“(1) June 15 through August 10, 1994, marks the 50th anniversary of the Mariana campaign of World War II in which American forces captured the islands of Saipan and Tinian in the Northern Marianas and liberated the United States Territory of Guam from Japanese occupation;
“(2) an attack during this campaign by the Japanese Imperial fleet, aimed at countering the American forces that had landed on Saipan, led to the battle of the Philippine Sea, which resulted in a crushing defeat for the Japanese by United States naval forces and the destruction of the effectiveness of the Japanese carrier-based airpower;
“(3) the recapture of Guam liberated one of the few pieces of United States territory that was occupied for two and one-half years by the enemy during World War II and restored freedom to the indigenous Chamorros on Guam who suffered as a result of the Japanese occupation;
“(4) Army, Navy, Marine Corps, and Coast Guard units distinguished themselves with their heroic bravery and sacrifice;
“(5) the Guam Insular Force Guard, the Guam militia, and the people of Guam earned the highest respect for their defense of the island during the Japanese invasion and their resistance during the occupation; their assistance to the American forces as scouts for the American invasion was invaluable; and their role, as members of the Guam Combat Patrol, was instrumental in seeking out the remaining Japanese forces and restoring peace to the island;
“(6) during the occupation, the people of Guam—
“(A) were forcibly removed from their homes;
“(B) were relocated to remote sections of the island;
“(C) were required to perform forced labor and faced other harsh treatment, injustices, and death; and
“(D) were placed in concentration camps when the American invasion became imminent and were brutalized by their occupiers when the liberation of Guam became apparent to the Japanese;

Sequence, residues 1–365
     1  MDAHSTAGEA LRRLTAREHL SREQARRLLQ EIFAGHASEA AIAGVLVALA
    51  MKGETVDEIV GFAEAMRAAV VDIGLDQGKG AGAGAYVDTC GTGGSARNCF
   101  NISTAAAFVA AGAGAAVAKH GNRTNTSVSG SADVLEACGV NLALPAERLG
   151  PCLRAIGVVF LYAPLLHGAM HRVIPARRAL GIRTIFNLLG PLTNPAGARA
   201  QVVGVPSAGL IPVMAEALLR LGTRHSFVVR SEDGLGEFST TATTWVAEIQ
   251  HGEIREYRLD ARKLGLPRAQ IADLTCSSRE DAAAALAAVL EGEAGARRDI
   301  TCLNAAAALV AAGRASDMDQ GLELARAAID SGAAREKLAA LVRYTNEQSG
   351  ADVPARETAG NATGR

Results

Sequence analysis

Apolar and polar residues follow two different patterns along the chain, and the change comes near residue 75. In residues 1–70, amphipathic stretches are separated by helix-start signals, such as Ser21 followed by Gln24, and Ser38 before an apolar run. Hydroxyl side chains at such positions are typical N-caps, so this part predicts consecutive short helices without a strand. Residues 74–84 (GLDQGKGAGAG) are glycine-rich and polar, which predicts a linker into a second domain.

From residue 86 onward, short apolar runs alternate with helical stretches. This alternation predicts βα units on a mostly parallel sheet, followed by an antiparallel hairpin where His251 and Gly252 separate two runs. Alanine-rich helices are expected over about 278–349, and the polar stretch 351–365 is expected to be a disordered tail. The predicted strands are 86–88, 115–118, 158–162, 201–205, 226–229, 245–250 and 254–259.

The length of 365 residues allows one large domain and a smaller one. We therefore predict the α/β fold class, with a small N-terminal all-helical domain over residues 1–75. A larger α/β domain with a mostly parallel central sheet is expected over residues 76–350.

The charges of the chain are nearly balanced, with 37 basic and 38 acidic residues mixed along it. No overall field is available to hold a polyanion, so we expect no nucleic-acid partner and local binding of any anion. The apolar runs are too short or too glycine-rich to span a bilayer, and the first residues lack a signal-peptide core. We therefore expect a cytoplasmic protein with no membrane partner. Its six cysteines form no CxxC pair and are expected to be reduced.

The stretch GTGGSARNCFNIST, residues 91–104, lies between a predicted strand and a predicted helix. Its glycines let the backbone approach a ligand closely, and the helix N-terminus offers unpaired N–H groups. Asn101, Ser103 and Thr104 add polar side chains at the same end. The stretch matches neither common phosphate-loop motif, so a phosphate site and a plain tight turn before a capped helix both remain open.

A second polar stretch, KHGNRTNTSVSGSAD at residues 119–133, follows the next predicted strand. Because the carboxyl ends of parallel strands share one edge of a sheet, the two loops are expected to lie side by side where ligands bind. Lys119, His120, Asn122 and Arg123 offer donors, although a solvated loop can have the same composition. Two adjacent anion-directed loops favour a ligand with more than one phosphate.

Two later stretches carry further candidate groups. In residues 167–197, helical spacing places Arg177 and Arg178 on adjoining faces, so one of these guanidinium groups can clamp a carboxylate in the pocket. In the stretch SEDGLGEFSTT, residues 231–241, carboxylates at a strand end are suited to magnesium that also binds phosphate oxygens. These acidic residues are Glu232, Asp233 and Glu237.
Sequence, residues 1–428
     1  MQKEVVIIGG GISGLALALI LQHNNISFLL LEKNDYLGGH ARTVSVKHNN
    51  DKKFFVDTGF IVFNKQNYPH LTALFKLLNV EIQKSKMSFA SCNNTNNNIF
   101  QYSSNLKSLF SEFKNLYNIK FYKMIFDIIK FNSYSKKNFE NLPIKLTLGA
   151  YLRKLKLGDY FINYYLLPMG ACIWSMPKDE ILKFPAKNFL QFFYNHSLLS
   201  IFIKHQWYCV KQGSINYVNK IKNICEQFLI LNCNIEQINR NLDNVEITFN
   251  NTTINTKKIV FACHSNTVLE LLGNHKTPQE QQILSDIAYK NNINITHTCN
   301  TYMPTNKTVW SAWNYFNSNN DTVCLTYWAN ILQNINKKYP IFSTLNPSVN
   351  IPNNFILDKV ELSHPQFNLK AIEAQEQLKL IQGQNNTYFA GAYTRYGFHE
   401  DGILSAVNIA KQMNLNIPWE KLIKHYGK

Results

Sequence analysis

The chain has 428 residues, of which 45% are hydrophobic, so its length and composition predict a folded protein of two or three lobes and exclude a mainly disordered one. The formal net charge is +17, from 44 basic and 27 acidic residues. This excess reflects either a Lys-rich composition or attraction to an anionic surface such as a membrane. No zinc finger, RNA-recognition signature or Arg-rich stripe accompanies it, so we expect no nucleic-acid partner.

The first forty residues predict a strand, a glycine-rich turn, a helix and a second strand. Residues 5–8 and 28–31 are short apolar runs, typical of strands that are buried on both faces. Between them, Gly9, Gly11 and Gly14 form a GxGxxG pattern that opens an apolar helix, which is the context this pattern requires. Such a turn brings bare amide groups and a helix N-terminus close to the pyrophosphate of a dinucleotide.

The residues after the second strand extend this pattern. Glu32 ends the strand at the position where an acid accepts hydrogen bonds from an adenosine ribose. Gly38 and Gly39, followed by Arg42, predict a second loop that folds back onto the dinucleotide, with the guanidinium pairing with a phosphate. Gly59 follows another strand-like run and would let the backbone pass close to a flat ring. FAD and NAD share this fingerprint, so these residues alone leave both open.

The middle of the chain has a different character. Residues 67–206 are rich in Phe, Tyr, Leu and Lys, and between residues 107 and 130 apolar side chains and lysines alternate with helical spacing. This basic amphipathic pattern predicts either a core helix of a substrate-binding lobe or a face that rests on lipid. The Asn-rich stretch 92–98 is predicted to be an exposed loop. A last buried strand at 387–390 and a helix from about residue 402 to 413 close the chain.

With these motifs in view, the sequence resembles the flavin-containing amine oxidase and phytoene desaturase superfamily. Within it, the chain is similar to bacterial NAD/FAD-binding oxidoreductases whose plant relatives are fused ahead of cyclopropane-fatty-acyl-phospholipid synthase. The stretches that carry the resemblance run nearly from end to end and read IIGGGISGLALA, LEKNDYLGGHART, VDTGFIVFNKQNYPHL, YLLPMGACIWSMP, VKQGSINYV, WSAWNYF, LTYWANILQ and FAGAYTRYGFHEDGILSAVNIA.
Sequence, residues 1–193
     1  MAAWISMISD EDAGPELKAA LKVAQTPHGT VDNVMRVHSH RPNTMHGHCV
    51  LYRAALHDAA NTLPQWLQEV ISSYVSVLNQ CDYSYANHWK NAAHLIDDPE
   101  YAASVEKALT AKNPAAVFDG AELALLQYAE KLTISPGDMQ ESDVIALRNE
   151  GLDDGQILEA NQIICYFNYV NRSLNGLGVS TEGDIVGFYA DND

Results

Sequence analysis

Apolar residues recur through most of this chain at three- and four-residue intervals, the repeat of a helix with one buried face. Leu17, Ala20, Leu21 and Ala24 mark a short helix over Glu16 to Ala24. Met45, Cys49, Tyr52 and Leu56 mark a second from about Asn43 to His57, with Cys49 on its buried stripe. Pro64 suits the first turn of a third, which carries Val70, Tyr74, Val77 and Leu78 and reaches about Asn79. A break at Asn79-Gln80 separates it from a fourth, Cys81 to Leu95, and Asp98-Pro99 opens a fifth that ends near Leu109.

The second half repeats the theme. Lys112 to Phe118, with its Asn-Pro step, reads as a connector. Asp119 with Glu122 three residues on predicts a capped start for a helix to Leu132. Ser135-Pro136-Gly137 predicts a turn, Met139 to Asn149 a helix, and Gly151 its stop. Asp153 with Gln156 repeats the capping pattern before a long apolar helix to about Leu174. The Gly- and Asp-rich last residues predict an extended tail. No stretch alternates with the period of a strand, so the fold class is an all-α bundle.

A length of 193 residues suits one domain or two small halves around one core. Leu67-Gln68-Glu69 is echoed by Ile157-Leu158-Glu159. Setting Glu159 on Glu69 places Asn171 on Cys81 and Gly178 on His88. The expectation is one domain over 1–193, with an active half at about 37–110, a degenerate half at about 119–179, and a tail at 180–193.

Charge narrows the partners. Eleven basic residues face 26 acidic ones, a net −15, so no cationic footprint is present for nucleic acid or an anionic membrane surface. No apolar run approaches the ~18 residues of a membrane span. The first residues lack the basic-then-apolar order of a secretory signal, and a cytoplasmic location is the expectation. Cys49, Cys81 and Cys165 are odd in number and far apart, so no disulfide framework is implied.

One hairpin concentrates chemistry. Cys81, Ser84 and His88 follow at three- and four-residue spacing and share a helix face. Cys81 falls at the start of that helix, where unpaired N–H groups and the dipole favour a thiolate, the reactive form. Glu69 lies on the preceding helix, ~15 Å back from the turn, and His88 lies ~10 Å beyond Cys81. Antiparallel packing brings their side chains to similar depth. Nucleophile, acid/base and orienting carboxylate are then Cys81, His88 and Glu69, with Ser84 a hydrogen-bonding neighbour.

“(7) the liberation of the Mariana Islands marked a pivotal point in the Pacific war and led to the American victories at Iwo Jima, Okinawa, the Philippines, Taiwan, and the south China coast, and ultimately against the Japanese home islands;
“(8) the Mariana Islands of Guam, Saipan, and Tinian provided, for the first time during the war, air bases which allowed land-based American bombers to reach strategic targets in Japan; and
“(9) the air offensive conducted from the Marianas against the Japanese war-making capability helped shorten the war and ultimately reduced the toll of lives to secure peace in the Pacific.”
Transfer of Excess Land to National Park Service

Pub. L. 100–202, § 101(g) [title I], Dec. 22, 1987, 101 Stat. 1329–213, 1329–222, provided in part: “That any Federally-owned land in War in the Pacific National Historical Park that hereafter becomes excess to the needs of the administering agency shall be transferred to the jurisdiction of the National Park Service, without reimbursement, for purposes of the park.”